recommended reading

HP loses its Military Health System electronic records contract

The General Services Administration terminated a contract with HP Enterprise Services that was once touted as a "fundamental restructuring" of the Defense Department's major electronic health record system, a source in the Military Health System confirmed to Nextgov.

GSA on May 26, 2010, had awarded HP Enterprise Services a contract to make improvements to the Armed Forces Health Longitudinal Technology Application, known as AHLTA, and to its underlying Composite Health Care System. A task order on the company's GSA Allliant umbrella information technology contract scheduled work on improving electronic health records for the military to run through this May, but it was halted on Dec. 20, a MHS spokesman said on Tuesday.

He declined to provide reasons for ending HP's role in the project, known as the AHLTA and CHCS Critical Fixes and Support contract, which industry sources valued at $22 million. The MHS spokesman said, "We cannot discuss details beyond this as we are in contract termination negotiations."

GSA did not return Nextgov calls, and HP Enterprise Services acknowledged the termination, but declined to shed light on the reasons.

The Defense Department has spent $2 billion during the past 13 years developing AHLTA, according to an October 2010 Government Accountability Office report. But GAO said, "Users continued to experience significant problems with the performance (speed, usability and availability) of the portions of the system that have been deployed.

GAO said MHS "has initiated efforts to improve system performance and enhance functionality and plans to continue its efforts to stabilize the AHLTA system through 2015, as a 'bridge' to the new electronic health record system it intends to acquire."

Last January, in a presentation at the annual MHS conference, Army Lt. Col. William Geesey, commander of the Army's Medical Communications for Combat Casualty Care, joined with Army Col. Claude Hines, at the time program manager for the Defense Health Information Management System, to promote the AHLTA-CHCS Critical Fixes contract as the path toward a new system architecture to improve speed and reliability for end users.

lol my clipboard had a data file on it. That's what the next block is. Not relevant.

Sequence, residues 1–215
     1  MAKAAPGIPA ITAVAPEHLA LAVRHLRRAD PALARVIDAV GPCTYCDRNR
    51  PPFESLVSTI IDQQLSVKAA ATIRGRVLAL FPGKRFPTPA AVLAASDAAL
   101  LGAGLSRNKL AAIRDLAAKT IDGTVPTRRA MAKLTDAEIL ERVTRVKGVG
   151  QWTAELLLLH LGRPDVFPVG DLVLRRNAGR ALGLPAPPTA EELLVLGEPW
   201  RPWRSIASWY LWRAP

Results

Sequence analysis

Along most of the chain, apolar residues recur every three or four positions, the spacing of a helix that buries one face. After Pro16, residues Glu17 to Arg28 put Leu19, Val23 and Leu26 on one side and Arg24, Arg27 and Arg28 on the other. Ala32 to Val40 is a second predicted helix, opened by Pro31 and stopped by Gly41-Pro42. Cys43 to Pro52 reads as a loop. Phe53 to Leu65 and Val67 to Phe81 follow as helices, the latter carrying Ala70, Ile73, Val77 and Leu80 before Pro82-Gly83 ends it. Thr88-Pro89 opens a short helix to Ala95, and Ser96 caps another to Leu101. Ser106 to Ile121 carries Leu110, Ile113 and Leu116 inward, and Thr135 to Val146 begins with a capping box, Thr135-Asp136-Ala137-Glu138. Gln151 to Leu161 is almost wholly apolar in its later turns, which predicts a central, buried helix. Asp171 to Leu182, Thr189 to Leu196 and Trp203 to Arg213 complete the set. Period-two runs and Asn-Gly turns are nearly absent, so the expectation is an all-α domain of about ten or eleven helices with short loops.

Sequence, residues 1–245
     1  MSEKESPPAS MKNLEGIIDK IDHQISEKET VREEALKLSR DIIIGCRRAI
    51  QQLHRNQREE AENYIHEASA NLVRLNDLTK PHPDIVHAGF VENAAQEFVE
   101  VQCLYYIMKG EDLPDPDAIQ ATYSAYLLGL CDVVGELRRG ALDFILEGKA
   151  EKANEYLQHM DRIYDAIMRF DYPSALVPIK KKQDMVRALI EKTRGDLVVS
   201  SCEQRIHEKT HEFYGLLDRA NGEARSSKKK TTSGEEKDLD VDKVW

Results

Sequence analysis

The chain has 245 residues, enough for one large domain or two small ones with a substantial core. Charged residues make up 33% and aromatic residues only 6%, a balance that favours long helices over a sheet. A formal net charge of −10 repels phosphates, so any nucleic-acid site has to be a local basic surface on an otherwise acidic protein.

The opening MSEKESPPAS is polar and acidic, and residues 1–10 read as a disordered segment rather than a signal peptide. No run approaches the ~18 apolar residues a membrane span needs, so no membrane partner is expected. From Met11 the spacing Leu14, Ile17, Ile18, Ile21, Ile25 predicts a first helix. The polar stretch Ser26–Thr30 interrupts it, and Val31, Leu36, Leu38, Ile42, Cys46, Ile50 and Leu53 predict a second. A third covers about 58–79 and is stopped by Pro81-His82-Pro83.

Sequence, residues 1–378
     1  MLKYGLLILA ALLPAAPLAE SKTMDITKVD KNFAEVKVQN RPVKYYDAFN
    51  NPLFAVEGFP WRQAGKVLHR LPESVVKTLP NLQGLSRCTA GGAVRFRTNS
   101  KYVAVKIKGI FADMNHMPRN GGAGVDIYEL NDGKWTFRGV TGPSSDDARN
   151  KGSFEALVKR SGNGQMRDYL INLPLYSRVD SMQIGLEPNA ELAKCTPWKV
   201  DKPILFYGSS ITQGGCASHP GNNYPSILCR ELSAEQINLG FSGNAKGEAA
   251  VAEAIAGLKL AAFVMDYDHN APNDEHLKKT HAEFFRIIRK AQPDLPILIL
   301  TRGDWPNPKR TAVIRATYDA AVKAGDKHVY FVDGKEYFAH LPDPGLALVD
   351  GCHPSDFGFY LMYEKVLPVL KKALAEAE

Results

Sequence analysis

Geesey and Hines said the contract would simplify AHLTA to improve its maintenance and provide a framework to better share data both inside and outside MHS.

In an internal newsletter this June, officials at the Defense Health Information Management System said the contract also would be used to pilot new health record capabilities at the North Chicago Federal Health Care Center, a hospital jointly managed by MHS and the Veterans Affairs Department .

A federal source who declined to be identified said the cancellation of the HP Enterprise Services contract has delayed development of fixes to AHLTA by between a year and 18 months, the time it took to run the procurement and the time HP Enterprise Services worked on it.

The MHS spokesman said GSA and MHS are reviewing options for follow-on to the HP Enterprise Services contracts.

Threatwatch Alert

Thousands of cyber attacks occur each day

See the latest threats


Close [ x ] More from Nextgov

Thank you for subscribing to newsletters from
We think these reports might interest you:

  • It’s Time for the Federal Government to Embrace Wireless and Mobility

    The United States has turned a corner on the adoption of mobile phones, tablets and other smart devices, outpacing traditional desktop and laptop sales by a wide margin. This issue brief discusses the state of wireless and mobility in federal government and outlines why now is the time to embrace these technologies in government.

  • Featured Content from RSA Conference: Dissed by NIST

    Learn more about the latest draft of the U.S. National Institute of Standards and Technology guidance document on authentication and lifecycle management.

  • A New Security Architecture for Federal Networks

    Federal government networks are under constant attack, and the number of those attacks is increasing. This issue brief discusses today's threats and a new model for the future.

  • Going Agile:Revolutionizing Federal Digital Services Delivery

    Here’s one indication that times have changed: Harriet Tubman is going to be the next face of the twenty dollar bill. Another sign of change? The way in which the federal government arrived at that decision.

  • Software-Defined Networking

    So many demands are being placed on federal information technology networks, which must handle vast amounts of data, accommodate voice and video, and cope with a multitude of highly connected devices while keeping government information secure from cyber threats. This issue brief discusses the state of SDN in the federal government and the path forward.

  • The New IP: Moving Government Agencies Toward the Network of The Future

    Federal IT managers are looking to modernize legacy network infrastructures that are taxed by growing demands from mobile devices, video, vast amounts of data, and more. This issue brief discusses the federal government network landscape, as well as market, financial force drivers for network modernization.


When you download a report, your information may be shared with the underwriters of that document.